There are some good observations in the piece, but too often they come as asides. For instance, Summers notes that changes in bankruptcy laws would have been beneficial, and calls for legislative changes to make it easier for the powers that be to manage the failure of a major financial institution. Yet these points are juxtaposed with wishful thinking. For instance, Summers urges regulators to encourage banks to cut dividends, yet seems to believe that like making it easier for private equity funds to invest in them will have a meaningful impact.

From the Financial Times:

After a period of intense activity at the beginning of the year with the passage of fiscal stimulus legislation, strong action by the Federal Reserve to cut rates and provide liquidity and the introduction of anti-foreclosure legislation, policy has again fallen behind the curve. The only important policy actions of the past several months have been those forced on the Fed by the Bear Stearns crisis. It would be a mistake to overstate the extent to which policy can forestall the gathering storm. But the prospects for a more favourable outcome would be enhanced if four actions were taken promptly.

First, the much debated housing bill should be passed immediately by Congress and signed into law. It provides some support for mortgage debt reduction and strengthens the government’s hand in its troubled relationship with the government-sponsored enterprises – Fannie Mae and Freddie Mac. While it is an imperfect vehicle – too limited in the scope it provides for debt reduction, insufficiently aggressive in strengthening GSE regulation and failing to increase the leverage of homeowners in their negotiations with creditors through bankruptcy reform – it would contribute to the repair of the nation’s housing finance system. Failure to pass even this minimal measure would undermine confidence.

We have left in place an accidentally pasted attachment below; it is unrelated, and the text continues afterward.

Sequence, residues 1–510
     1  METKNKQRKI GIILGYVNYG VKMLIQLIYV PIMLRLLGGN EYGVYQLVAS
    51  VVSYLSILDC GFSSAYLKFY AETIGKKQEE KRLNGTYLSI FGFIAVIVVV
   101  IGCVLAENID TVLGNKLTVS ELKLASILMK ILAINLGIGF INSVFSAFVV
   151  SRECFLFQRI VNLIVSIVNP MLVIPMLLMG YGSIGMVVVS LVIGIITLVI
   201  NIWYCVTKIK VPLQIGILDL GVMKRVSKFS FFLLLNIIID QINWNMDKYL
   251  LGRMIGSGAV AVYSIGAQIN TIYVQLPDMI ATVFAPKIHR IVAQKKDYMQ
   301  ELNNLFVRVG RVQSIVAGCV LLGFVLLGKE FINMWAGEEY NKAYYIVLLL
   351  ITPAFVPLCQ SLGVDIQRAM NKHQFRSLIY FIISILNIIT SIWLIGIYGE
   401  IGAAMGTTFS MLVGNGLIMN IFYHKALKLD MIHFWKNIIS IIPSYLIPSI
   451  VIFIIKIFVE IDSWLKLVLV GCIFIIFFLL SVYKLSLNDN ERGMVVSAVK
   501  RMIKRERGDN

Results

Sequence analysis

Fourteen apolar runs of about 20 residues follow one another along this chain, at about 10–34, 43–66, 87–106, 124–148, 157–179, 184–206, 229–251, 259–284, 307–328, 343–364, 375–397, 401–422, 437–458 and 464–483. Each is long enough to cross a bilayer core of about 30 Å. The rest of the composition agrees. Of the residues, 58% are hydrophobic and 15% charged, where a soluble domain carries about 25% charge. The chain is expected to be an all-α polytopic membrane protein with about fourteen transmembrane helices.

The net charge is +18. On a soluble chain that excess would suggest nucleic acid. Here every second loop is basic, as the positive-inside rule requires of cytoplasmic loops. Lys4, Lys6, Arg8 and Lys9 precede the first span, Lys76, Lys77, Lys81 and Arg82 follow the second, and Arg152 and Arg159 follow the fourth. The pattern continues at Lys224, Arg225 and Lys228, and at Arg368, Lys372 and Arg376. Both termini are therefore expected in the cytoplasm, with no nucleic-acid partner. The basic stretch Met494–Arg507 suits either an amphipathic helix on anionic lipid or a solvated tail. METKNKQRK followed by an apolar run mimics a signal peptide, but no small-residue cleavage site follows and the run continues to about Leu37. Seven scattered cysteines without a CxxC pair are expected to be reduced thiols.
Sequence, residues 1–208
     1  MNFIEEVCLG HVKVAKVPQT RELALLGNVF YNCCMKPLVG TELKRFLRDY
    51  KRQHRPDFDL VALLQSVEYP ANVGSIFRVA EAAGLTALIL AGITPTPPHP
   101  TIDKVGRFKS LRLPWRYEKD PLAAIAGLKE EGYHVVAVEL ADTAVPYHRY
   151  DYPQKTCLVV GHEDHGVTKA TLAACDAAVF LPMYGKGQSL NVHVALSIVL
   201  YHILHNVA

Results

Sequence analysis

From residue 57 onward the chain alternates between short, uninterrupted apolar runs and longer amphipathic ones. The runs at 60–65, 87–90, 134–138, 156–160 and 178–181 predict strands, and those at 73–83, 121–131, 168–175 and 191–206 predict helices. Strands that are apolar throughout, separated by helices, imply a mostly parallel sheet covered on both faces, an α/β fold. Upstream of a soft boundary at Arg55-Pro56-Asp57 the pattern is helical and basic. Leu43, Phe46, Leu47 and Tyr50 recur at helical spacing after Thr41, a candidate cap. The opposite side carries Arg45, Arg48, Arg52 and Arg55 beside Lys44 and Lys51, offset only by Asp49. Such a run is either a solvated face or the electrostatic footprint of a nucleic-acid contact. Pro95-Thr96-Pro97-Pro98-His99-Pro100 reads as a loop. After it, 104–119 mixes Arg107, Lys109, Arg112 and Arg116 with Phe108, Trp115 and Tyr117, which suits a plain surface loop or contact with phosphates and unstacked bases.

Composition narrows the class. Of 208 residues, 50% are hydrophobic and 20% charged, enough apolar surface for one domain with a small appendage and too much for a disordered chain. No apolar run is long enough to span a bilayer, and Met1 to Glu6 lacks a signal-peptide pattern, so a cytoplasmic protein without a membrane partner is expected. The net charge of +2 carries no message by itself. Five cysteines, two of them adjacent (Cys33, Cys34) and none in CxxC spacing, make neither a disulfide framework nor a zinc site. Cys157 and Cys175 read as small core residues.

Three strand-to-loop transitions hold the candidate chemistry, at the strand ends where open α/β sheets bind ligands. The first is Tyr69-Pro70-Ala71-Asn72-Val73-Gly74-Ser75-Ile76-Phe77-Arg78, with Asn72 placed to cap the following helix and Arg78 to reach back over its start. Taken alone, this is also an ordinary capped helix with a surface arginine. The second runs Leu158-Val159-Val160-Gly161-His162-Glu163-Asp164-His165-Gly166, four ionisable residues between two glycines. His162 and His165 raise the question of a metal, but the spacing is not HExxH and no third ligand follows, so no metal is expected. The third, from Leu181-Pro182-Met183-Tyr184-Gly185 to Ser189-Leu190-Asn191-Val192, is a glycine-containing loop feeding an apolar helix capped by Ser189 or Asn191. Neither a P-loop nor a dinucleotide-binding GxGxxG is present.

Second, Congress should move promptly to pass further fiscal measures to respond to our economic difficulties. The economy would be in a far worse state if fiscal stimulus had not come on line two months ago. The forecasting community is having increasing doubts about the fourth quarter of this year and beginning of the next as the impact of the current round of stimulus fades. With long-term unemployment at recession levels, there is a clear case for extending the duration of unemployment insurance benefits. There is now also a case for carefully designed support for infrastructure investment, as financial strains have distorted the municipal credit markets to the point where even the highest-quality municipal borrowers are, despite their tax advantage, paying more than the federal government to borrow. There are legitimate questions about how rapidly the impact of infrastructure spending will be felt. But with construction employment in free fall, there will be a need for stimulus tied to the needs of less educated male workers for quite some time. Fiscal stimulus measures must be coupled to budget process reform that provides reassurance that, once the crisis passes, the fiscal policy discipline of the 1990s will be re-established.